Everything consumers need to know about the new financial regulators

Cape Town – The Twin Peaks model for financial regulation came into force on April 1 with the aim of creating a safer financial sector which protects consumers and reduces threats to the financial system.

As a result the Financial Services Board (FSB) has been replaced by the Financial Services Conduct Authority (FSCA) and a new Prudential Authority has been established.

Finance Minister Nhlanhla Nene launched these authorities this week,  in line with the Financial Sector Regulation Act for 2017.

At the launch, Nene said that Twin Peaks is a “dynamic, innovative and smart system”. “It aims to streamline our approach to financial regulation, to clearly define roles and responsibilities, and to create flexibility.

“It creates a dedicated Prudential Authority to look after safety and soundness, and a dedicated conduct authority to look after the way financial institutions treat their customers.”

What does the FSCA do?

The objectives of the FSCA were outlined in a statement issued on Thursday.

The organisation explained its objectives are to protect financial customers by promoting fair treatment by financial institutions, providing financial education programs, and promoting financial literacy.

The FSCA will also support the efficiency and integrity of financial markets. It will assist in maintaining financial stability and support financial inclusion and transformation of the financial sector.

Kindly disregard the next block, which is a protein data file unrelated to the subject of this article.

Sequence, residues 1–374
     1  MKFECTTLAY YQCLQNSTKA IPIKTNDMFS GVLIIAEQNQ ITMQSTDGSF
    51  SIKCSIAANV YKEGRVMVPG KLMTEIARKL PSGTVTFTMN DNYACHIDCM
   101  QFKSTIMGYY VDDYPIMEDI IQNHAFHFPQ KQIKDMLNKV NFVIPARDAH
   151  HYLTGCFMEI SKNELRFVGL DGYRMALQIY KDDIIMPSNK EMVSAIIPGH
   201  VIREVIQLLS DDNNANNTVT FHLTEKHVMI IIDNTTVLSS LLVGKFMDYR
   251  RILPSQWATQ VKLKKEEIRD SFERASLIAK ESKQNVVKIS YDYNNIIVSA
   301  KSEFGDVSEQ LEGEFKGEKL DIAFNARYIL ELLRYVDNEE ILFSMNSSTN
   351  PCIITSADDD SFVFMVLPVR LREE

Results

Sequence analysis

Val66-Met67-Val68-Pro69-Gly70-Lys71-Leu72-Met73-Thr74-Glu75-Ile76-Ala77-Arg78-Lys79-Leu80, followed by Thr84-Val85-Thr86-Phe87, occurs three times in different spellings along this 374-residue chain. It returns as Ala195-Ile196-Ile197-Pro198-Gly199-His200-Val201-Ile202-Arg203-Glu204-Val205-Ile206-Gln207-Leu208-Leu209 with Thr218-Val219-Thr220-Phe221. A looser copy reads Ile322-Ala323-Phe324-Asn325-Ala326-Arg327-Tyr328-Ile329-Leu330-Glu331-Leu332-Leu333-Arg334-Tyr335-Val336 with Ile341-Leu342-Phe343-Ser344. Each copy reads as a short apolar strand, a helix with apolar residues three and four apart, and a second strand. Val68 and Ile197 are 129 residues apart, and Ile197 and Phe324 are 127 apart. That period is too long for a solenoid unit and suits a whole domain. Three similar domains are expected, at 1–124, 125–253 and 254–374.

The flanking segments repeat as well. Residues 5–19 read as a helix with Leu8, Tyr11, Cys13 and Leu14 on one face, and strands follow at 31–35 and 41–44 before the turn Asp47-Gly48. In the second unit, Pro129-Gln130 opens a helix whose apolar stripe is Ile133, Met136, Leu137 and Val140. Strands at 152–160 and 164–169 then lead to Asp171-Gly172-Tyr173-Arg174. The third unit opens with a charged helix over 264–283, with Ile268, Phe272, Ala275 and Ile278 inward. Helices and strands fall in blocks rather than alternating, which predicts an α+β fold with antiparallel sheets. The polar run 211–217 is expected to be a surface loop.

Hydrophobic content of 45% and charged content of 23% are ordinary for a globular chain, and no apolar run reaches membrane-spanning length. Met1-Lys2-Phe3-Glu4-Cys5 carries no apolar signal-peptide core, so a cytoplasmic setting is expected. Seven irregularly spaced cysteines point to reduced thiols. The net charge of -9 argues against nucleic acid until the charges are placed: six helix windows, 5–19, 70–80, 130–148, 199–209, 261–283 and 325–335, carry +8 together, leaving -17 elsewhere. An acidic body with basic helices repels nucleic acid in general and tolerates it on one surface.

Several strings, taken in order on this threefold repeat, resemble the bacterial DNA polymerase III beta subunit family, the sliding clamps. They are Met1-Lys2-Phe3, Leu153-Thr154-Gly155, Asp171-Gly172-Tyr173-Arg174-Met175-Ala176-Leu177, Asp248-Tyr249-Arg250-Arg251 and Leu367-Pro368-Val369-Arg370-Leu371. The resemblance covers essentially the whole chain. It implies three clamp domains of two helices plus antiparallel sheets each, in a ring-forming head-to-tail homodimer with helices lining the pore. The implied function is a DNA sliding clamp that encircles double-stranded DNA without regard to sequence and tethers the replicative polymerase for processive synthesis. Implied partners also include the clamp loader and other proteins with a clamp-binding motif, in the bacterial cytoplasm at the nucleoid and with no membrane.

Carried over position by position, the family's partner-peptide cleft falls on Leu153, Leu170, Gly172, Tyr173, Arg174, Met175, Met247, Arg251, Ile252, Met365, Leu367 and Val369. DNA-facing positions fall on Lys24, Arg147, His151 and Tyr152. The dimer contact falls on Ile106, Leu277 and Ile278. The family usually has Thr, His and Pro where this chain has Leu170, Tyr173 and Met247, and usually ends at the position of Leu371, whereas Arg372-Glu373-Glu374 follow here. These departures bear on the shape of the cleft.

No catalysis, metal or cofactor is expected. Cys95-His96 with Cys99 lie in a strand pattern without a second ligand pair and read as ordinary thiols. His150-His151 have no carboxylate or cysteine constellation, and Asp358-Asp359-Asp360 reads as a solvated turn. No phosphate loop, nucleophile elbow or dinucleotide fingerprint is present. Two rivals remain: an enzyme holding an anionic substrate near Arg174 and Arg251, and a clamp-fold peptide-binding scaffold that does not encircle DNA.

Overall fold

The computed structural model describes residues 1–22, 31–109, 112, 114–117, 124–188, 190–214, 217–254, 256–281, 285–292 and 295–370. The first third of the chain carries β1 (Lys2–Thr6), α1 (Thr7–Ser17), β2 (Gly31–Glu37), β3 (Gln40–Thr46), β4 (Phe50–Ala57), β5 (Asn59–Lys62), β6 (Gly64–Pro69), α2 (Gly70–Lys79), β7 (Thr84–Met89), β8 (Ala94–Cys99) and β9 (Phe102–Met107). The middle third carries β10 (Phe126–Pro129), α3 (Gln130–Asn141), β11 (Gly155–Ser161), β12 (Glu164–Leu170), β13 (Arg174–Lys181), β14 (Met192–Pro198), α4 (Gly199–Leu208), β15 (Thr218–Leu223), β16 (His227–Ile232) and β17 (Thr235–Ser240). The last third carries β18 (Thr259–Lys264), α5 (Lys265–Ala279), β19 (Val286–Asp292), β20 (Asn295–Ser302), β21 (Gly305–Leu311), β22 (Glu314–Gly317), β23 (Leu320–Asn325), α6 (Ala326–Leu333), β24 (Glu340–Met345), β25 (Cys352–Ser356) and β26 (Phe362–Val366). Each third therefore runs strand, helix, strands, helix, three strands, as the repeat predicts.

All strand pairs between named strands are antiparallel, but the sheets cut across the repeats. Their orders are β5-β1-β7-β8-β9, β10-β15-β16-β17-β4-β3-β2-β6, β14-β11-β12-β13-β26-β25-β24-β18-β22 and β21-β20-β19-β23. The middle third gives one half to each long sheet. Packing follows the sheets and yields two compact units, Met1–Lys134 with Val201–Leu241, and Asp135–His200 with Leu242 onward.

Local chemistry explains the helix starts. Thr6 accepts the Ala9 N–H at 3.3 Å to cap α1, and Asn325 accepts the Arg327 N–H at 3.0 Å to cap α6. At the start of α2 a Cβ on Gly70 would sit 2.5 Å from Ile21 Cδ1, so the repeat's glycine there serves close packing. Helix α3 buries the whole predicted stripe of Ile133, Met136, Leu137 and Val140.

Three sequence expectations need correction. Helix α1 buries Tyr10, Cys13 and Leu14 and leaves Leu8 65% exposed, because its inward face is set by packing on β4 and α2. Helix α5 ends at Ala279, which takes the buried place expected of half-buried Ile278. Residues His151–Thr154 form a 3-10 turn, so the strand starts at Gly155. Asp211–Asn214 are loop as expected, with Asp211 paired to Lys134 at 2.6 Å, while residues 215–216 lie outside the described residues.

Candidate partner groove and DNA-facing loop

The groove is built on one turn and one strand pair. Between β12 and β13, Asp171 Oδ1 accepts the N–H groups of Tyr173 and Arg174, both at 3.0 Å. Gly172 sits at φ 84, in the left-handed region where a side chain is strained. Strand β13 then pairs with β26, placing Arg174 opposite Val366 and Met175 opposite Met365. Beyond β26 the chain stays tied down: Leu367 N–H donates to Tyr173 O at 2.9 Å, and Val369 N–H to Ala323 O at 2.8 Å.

“It will be responsible for significantly improving customer protection in the financial sector, and driving better customer outcomes, ensuring that the sector serves South Africans best,” Treasury said in a separate statement issued on Friday.

Gradually changes will be introduced over the year, the FSCA stated.

Immediate changes however include the establishment of a Financial Sector Tribunal, for those aggrieved by an FSCA decision to approach. This tribunal will replace the former FSB Appeal Board.

The FSCA indicated that dealings with financial institutions will continue to be “business as usual”.

 Who is heading the FSCA?

A commissioner and deputy commissioners will be appointed to serve as the executive committee. The process to appoint the commissioners will start to and has been set out in regulations by the finance minister.

A Transitional Management Committee will manage the FSCA until the commissioner is appointed. This committee will include members from the former FSB executive committee, the chairperson of the former FSB board Abel Sithole and National Treasury’s Katherine Gibson. Sithole will act as commissioner until the new commissioner is appointed, the FSCA stated.  

The committee has already started working and they will continue to serve in an advisory capacity for three months after the commissioner is appointed.

The organisation will be introducing steps to align to its new mandate by also introducing changes to its structure. This involves up-skilling of current staff and recruiting new skills and expertise to address the  mandate.   

The FSCA will publish its regulatory strategy by no later than September 2018, with a focus on financial inclusion and Fintech, among other things. The organisation will also publish over the course of the year memoranda of understanding between other organisations it will be working with like the SA Reserve Bank, the Prudential Authority and the National Credit Regulator.

Prudential Authority

The Prudential Authority will be a new entity within the Reserve Bank and will replace the Banking Supervision Department, Treasury stated.

The Prudential Authority is responsible for the safety and soundness of banks, insurers, and other financial institutions.

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